04 October 2010

Fleshing it Out: Cooking Raw Meat

It's been quite some time since we last spoke of meat.

Here's a glimpse into where I'm at, now more than half a year into my meat-eating foray. I've garnered a new love for turkey sandwiches, cheated a few times with bacon, and even ordered chicken saltimbocca this weekend (yes, with the pancetta).

Notice what these all have in common: Someone else was doing the dirty work of preparing my meats.

Alas, it's time to jump over a hurdle.

When I first reintroduced fish into my diet a few years ago, cooking got interesting. It wasn't so much the cooking as it was the preparation. Peeling back the plasticwrap and handling the raw fish used to make me squeamish; I'd use knives and tongs and spatulas - anything I could get my hands on to keep my hands off the actual fish.

I've since relaxed. It took some getting used to (and a lot of handsoap), but I'm now comfortable with letting the raw meat drape over my palm as I tug out thin bones with my fingernails; massaging oil and spice into the flesh; placing the slab directly from fishwrap to foil-lined baking trays without hesitation.

I felt a stronger resistance, though, when I envisioned doing the same with poultry...

So much so that it took me nearly 8 months to bite the bullet and buy some raw chicken to cook.

I've had a bag of frozen chicken breasts in the freezer. Even those made me nervous because I had to think about properly thawing then properly cooking the flesh (neither of which I have to worry about for vegetarian options).

But, last week, I finally got brave. And it's all because of my October edition of Food + Wine magazine. As I thumbed through the pages of recipes, I noticed a new trend: I was dog-earring recipes that contained meat - and, for possibly the first time in more than a decade, I wasn't thinking about what faux meats to substitute.


I landed on this Chicken Scarpariello recipe. It looked relatively easy and very tasty.

So off I went to Whole Foods' meat section to buy some boneless chicken thighs and the various accoutrements to finish the recipe. I invited another meat-eating friend over for dinner, got out my skillet, and went to work.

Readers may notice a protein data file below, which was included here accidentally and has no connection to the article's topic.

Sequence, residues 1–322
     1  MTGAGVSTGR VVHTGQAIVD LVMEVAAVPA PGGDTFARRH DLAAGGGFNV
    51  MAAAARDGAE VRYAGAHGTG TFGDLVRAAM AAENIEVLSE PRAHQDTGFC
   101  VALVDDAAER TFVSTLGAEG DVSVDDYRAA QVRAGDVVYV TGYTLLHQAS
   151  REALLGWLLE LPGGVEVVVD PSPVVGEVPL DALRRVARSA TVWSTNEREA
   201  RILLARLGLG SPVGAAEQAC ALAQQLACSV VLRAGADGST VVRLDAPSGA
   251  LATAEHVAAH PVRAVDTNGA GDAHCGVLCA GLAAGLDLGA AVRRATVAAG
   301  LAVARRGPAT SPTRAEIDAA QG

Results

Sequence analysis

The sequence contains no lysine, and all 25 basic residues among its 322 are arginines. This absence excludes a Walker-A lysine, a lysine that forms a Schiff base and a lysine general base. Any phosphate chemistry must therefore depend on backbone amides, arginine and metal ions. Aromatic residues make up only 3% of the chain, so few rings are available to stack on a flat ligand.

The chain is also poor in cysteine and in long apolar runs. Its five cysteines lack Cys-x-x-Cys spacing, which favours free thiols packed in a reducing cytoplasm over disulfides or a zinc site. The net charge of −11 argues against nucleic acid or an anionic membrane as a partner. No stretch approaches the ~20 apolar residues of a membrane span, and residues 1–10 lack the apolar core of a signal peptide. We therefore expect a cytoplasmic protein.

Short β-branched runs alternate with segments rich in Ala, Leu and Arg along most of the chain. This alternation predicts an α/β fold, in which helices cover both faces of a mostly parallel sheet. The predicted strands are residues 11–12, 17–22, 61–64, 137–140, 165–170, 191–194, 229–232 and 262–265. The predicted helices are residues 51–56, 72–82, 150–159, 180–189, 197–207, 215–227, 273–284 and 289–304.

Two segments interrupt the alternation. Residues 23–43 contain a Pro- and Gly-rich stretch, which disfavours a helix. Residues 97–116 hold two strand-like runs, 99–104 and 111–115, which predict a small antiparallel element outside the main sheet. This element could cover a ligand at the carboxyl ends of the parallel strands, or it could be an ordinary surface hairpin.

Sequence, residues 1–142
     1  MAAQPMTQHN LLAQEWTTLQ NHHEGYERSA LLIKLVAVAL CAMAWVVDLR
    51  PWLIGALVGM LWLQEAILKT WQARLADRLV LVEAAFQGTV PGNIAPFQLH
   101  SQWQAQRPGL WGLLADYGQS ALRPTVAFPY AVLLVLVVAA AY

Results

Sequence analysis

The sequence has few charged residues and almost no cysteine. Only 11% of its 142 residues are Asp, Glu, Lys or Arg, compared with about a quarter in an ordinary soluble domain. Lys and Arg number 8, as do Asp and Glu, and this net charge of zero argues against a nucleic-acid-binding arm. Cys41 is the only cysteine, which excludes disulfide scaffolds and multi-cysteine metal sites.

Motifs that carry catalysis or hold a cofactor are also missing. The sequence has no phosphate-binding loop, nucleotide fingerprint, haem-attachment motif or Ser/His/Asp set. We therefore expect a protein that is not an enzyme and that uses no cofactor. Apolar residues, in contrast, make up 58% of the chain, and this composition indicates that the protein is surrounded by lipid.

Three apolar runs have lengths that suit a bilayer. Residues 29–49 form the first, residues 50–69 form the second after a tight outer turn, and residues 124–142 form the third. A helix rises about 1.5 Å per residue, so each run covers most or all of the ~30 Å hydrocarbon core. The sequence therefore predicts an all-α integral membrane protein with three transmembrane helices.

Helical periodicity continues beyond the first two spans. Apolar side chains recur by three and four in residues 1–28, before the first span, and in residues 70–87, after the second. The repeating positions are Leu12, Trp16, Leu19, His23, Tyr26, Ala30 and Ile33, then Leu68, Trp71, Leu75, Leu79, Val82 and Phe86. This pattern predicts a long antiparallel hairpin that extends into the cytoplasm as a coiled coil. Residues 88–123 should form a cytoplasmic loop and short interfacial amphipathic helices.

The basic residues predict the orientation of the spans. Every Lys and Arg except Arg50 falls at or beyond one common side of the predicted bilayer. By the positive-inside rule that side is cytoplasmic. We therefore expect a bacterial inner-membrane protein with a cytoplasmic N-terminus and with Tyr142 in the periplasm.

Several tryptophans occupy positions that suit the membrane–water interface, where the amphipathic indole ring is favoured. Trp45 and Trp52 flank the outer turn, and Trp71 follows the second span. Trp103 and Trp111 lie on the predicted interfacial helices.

I only hesitated once, trying to figure out how to season the chicken before landing it in the pan - without touching it (I quickly remembered a trick I saw on Rachael Ray; leave the meat on the tray you buy it in, and season the top side. Flip that seasoned-side down into your pan, then re-season the new "top" as the bottom starts to cook.)

Easy-peasy. And immensely satisfying - even cold, as leftovers, the next day. I can see this becoming a new go-to and I'm so happy I'm over the hump.


  1. LOVED your garden post and can't wait to hear more about the music project! This post cracks me up because I'm having some of the same issues. I have been off the veg wagon for a couple years now--I thought it was just going to be one Hawaiian pizza--and I am having a hard time with handling of the raw stuff. The boneless skinless breasts are hanging out getting freezer burned in the fridge. I did make some beef barley soup last weekend. The meat smelled gross to me while it was cooking but the end result was yummy. Oh, and I ordered the Saltimbocca at Cafe Piccolo last weekend; is that where you had yours?? xoxoxo Anne H.

  2. I find myself cheating with bacon all the time with clam chowder....there really ISN'T a way to avoid bacon if you want a good cup o' chowder! I'm the same way with handling fish....ICKKKKK!!! Chicken is okay, though....you'll get used to it! ;)

  3. Congratulations, brave girl! In another year, we'll have you skinning and boning your own chicken thighs. It's satisfying--really! Happy to do a lesson anytime! xoxo